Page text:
- Unemployed Americans thought they'd receive benefits until September.
- Now that aid is in jeopardy in a growing number of states, with Republicans saying it's causing a labor shortage.
- Others say cutting the benefits prematurely will only make it harder for people to get back on their feet, and that meaningful solutions include higher wages and more affordable child-care options.
While Justin Mackey worked to rebuild his locksmith business, the 38-year-old was relying on getting a $420-a-week unemployment check for another four months.
That money was a fraction of what he brought home before the coronavirus pandemic shut down his business in Arkansas, but at least it kept his mortgage and other bills paid. And it allowed him to buy clothes and school supplies for his three young children: Camdyn, 14, Connor, 7, and Charlie, 3.
"It's better than losing everything," Mackey said.
But last week, Arkansas Gov. Asa Hutchinson said the state would be ending the federal unemployment programs early, including the $300 weekly boost. Those benefits will now expire at the end of June, more than two months earlier than Mackey had expected.
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"Continuing these programs until the planned expiration date of Sept. 4, 2021, is not necessary and actually interferes with the ability of employers to fill over 40,000 job vacancies in Arkansas," Hutchinson wrote in a letter. He joins Republican governors in Montana, South Carolina and Mississippi, who have also announced an early end to the aid, saying that it's stopping people from taking jobs. Other states could follow.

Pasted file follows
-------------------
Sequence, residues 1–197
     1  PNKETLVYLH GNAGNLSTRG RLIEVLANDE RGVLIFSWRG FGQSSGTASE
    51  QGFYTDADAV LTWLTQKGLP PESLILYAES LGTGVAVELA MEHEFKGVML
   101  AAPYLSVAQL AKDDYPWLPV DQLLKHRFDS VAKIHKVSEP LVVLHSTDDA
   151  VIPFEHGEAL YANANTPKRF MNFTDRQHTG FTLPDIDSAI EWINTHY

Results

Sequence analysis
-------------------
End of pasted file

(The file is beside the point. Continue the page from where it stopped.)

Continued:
As a result, many jobless people in these states will soon receive only their state benefit. The average weekly check is $248 in Arkansas; in Mississippi, it's $195.
Rebecca Dixon, executive director of the National Employment Law Project, said leaving people with smaller benefits is shortsighted and dangerous.
"We're going to see family hardship," Dixon said. "We're looking at a tsunami of debt, evictions and food insecurity on the horizon, and it's mostly women and people of color who will bear the brunt of that."
What's more, because the federal programs expanded the pool of workers who are eligible for unemployment benefits, many self-employed, gig workers and freelancers will be entirely cut off from aid come July.
Mackey is one such worker.
His unemployment benefits have allowed him to keep his locksmith business, Jonesboro Lock & Key, running. He's owned it for more than a decade.
But if that aid ends early, he might have to grab a job and abandon the shop. He said the wages on offer in his area were often unsustainable.
"I couldn't afford to work in a fast-food place," Mackey said. "I was making that money in high school." (The minimum wage in Arkansas is $11.)
Before the public health crisis, he earned around $2,000 a week. He and his family lived comfortably.
And Mackey's business is just starting to improve, he said, with more people calling of late.
"One of the reasons this pandemic unemployment is important for now is because it's helping people with small businesses like myself try and build back," he said.